Informing policies and institutions for climate-resilient food systems in Latin America

Also available in Español

Project description 

Latin America is at a critical point in time where many governments and well-organized sectors are developing their mitigation and adaptation strategies. CCAFS supports these processes through the excellent partnerships and ongoing climate change research across Latin America.

The project works closely with governments and research institutes to ensure the latest climate and agriculture science is used to inform climate and agriculture policies in Latin America.

In addition, the team supports and trains country negotiators attending the high-level United Nations climate negotiations throughout the year. This ensures negotiators are well prepared to represent their countries in the development of an agreement that simultaneously addresses climate change, agriculture and forestry.

The project conducts research on climate change impacts, mitigation opportunities and climate-smart agriculture, and facilitates knowledge sharing via established cross-country collaboration platforms.

Ultimately, this project is helping to build resilient food systems by improving policy development and decision-making at both regional and national levels across Latin America. Specifically, the project is achieving this by contributing to at least four Nationally Appropriate Mitigation Actions (NAMAs), one National Adaptation Plan (NAP), and one sub-sector National Adaptation Plan. In addition, Latin American United Nations climate conference (COP) delegates are aware and make use of the latest scientific insights on climate, agriculture, and food security in COP negotiations.

Research on the potential of silvo-pastoral systems and improved pastures from the International Center for Tropical Agriculture (CIAT) in 2014 helped the Colombian Ministry of Agriculture and Rural Development and the Ministry of Environment and Sustainable Development prioritize mitigation actions for the agriculture and livestock sector in its NAMA.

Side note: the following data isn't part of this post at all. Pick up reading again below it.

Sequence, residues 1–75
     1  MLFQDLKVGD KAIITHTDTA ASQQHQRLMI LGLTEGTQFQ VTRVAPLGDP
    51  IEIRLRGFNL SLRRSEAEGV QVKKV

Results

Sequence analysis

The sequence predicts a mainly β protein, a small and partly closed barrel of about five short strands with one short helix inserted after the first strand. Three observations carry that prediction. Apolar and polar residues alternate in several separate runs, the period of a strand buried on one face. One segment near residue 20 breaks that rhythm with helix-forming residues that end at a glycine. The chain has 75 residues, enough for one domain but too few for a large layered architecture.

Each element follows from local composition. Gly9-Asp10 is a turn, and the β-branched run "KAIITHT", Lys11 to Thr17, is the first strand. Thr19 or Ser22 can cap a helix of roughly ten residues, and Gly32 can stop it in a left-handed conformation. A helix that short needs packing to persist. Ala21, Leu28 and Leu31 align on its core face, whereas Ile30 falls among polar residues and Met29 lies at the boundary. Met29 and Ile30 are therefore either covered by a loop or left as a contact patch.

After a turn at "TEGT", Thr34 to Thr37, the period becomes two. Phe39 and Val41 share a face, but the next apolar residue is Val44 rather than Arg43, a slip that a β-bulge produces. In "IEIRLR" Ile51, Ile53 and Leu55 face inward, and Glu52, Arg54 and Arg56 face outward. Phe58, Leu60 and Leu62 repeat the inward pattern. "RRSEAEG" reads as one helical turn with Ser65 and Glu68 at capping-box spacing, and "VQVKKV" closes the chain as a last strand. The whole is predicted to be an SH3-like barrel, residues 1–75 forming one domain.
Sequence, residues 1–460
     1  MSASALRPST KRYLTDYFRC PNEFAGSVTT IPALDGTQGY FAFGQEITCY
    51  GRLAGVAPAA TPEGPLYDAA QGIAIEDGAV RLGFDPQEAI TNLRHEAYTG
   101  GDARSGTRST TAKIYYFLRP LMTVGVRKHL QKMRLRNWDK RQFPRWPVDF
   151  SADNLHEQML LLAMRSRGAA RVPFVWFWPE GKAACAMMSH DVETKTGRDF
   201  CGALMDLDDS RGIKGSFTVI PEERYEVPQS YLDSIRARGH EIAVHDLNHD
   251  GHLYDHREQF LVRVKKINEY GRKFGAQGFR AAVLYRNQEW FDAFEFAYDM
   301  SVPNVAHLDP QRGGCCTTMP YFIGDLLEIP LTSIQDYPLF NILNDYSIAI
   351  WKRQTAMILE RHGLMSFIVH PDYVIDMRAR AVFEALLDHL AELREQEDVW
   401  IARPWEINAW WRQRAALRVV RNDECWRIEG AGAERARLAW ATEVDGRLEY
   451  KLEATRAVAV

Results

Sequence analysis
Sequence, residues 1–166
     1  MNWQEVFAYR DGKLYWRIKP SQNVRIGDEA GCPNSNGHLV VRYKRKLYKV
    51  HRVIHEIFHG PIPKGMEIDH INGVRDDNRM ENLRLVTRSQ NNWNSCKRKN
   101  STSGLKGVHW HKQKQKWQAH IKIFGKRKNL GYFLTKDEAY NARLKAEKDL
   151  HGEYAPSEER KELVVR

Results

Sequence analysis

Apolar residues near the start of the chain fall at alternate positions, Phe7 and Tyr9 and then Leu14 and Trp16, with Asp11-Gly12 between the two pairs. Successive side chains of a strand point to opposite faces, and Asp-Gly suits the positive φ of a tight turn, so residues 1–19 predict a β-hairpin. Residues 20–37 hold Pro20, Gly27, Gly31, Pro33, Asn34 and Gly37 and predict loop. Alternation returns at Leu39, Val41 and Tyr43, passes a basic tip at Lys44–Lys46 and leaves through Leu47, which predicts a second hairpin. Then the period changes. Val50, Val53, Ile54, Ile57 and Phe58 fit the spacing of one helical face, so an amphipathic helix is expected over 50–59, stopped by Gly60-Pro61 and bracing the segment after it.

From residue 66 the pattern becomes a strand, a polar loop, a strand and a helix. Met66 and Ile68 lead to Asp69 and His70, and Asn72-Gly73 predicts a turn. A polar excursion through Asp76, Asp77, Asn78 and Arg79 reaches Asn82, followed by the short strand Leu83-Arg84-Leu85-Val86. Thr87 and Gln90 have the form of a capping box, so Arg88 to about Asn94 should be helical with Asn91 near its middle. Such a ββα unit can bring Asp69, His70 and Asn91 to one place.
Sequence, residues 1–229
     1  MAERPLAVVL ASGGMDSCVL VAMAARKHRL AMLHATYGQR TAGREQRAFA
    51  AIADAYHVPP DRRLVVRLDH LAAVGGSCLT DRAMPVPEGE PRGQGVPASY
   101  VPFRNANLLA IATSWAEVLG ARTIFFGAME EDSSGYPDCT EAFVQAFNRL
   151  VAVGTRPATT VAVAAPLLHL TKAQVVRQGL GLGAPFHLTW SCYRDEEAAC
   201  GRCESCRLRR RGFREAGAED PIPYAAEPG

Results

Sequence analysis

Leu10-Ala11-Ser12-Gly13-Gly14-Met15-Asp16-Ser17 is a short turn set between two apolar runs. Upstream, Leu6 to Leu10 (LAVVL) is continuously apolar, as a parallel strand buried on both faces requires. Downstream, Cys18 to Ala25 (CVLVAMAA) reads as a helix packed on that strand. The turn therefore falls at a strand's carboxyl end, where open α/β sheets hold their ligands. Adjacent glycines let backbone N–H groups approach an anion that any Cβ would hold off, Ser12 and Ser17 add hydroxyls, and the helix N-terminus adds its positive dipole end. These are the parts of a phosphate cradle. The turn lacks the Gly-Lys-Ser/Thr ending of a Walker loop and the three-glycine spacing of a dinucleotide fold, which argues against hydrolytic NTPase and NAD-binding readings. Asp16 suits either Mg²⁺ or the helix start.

In 2014, the Colombian National Planning Department developed detailed sector-level adaptation plans, in part, as a result of CIAT researchers’ measurement of the economic impacts of climate change in the water, biodiversity, and livestock sectors.

Outputs

Expected outputs

  • Creation of climate information systems in two additional Central American countries, based on the Guatemalan experience.
  • Study on factors explaining countries’ positions in topics related to land use, land use change, and forestry and to REDD+ and agricultural national mitigation plans.
  • A portfolio of climate-smart agriculture alternatives for preserving soil carbon stocks and mitigating carbon emissions in High Andes wetlands and natural grasslands
  • Data about land tenure, organizational status, infrastructure and security issues by region in Latin America.

Partners

The project is led by the International Center for Tropical Agriculture (CIAT) together with Bioversity International, and the International Potato Center (CIP). Local and regional partners include the Agricultural Council of Central America (CAC), Centro Agrónomico Tropical de Investigación (CATIE), University of FloridaUniversity of Alberta, Institute de Café de Costa Rica (ICAFE), and relevant national ministries of agriculture, environment, forestry, risk, development and planning, and financial institutes in all project countries.

Gender

The climate negotiator trainings include a gender-sensitization component, ensuring gender is considered while developing equitable country-level adaptation and mitigation plans. Capacity enhancement on effective gender integration in climate change policies is also carried out together with policymakers via workshops, a regular bulletin, and focused research products. The project provides support to Ministries and Secretaries of agriculture on how to integrate gender in the development of specific policies and strategies on climate change, as well.

Further information

For further information, please contact the project leader, Peter Laderach (CIAT) at p.laderach@cgiar.org.